A BAME Councillor who worked on the NHS frontline as an intensive care unit nurse has urged fellow councillors to actively share information about the heightened risks facing pregnant BAME women and the additional support that the NHS is providing to protect those women.
Lambeth Councillor Pauline George (pictured above), who represents Herne Hill ward and is a trained anaesthetic and theatre recovery nurse, worked on the Intensive Care Unit at Lewisham Hospital at the beginning of the corona virus pandemic in March and April of this year. Speaking today, she said: ‘We must ensure that we increase information sharing about the reality of Covid-19 within the communities we represent’.
Her comments follow the announcement that the Chief Midwifery Officer for England, Jacqueline Dunkley-Bent, has written to all maternity units in the country calling on them to take four specific actions which will minimise the additional risk of COVID-19 for BAME women and their babies.
The four actions are:
1.Increasing support of at-risk pregnant women – e.g. making sure clinicians have a lower threshold to review, admit and consider multidisciplinary escalation in women from a BAME background.
2.Reaching out and reassuring pregnant BAME women with tailored communications.
3. Ensuring hospitals discuss vitamins, supplements and nutrition in pregnancy with all women. Women low in vitamin D may be more vulnerable to coronavirus so women with darker skin or those who always cover their skin when outside may be at particular risk of vitamin D insufficiency and should consider taking a daily supplement of vitamin D all year.
4. Ensuring all providers record on maternity information systems the ethnicity of every woman, as well as other risk factors, such as living in a deprived area (postcode), co-morbidities, BMI and aged 35 years or over, to identify those most at risk of poor outcomes.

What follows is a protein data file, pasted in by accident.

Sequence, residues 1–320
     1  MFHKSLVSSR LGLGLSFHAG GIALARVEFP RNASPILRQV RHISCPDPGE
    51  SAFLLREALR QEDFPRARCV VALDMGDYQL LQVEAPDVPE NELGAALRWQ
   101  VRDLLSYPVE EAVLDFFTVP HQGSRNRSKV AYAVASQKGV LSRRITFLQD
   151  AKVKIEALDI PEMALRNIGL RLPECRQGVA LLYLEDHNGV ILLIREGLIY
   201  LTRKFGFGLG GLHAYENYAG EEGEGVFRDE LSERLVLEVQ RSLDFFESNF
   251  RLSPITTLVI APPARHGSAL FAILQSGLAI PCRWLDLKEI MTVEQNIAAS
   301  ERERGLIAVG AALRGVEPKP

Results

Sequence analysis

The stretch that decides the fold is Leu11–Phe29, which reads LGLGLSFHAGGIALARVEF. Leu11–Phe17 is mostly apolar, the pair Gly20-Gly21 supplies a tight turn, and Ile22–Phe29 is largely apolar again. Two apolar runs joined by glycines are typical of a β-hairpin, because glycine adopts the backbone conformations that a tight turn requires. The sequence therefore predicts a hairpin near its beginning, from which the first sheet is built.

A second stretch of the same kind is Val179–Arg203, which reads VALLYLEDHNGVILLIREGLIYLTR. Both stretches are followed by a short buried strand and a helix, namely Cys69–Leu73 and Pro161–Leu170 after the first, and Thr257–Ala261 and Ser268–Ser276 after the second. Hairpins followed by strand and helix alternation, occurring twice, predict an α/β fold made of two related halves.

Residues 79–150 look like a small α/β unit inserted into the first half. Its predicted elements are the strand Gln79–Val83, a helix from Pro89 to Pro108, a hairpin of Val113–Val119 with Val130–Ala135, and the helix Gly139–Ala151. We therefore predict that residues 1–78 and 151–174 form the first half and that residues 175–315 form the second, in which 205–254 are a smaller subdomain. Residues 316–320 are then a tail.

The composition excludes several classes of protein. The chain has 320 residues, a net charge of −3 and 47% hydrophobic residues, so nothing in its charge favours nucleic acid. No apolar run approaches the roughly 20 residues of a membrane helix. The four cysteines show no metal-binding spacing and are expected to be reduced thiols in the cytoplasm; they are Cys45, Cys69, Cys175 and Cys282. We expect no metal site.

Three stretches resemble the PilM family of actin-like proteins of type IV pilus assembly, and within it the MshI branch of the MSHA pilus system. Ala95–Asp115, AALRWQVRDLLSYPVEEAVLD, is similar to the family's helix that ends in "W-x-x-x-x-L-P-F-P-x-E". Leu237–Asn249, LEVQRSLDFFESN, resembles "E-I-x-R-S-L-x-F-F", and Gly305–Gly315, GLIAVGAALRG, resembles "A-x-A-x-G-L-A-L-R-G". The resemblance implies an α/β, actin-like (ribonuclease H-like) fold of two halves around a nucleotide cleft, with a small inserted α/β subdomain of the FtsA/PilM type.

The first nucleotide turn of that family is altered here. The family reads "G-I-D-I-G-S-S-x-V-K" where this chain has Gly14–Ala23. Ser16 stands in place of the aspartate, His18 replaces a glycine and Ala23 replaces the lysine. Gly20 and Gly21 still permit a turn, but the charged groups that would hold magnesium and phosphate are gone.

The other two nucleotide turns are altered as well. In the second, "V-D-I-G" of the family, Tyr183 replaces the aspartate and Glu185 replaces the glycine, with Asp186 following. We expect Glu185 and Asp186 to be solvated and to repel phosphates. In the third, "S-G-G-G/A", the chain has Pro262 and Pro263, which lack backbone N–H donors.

Cllr George added that while she ‘totally endorses’ the actions outlined by the Chief Midwifery Officer, the information gathered and recorded on maternity information systems must be ‘used properly to avoid creating further discriminatory factors’ against these women.
Announcing the additional support for pregnant BAME women, NHS England stated:
‘Women from ethnic minority backgrounds have long been known to face additional maternity risks, with maternal mortality rates significantly higher than for white women.
But now research from Oxford University shows that 55% of the pregnant women admitted to hospital with COVID-19 are from a BAME background, even though they only make up a quarter of the births in England and Wales.
Further analysis of the research indicates that Asian women are four times more likely than white women to be admitted to hospital with COVID-19 during pregnancy, while Black women are eight times more likely.’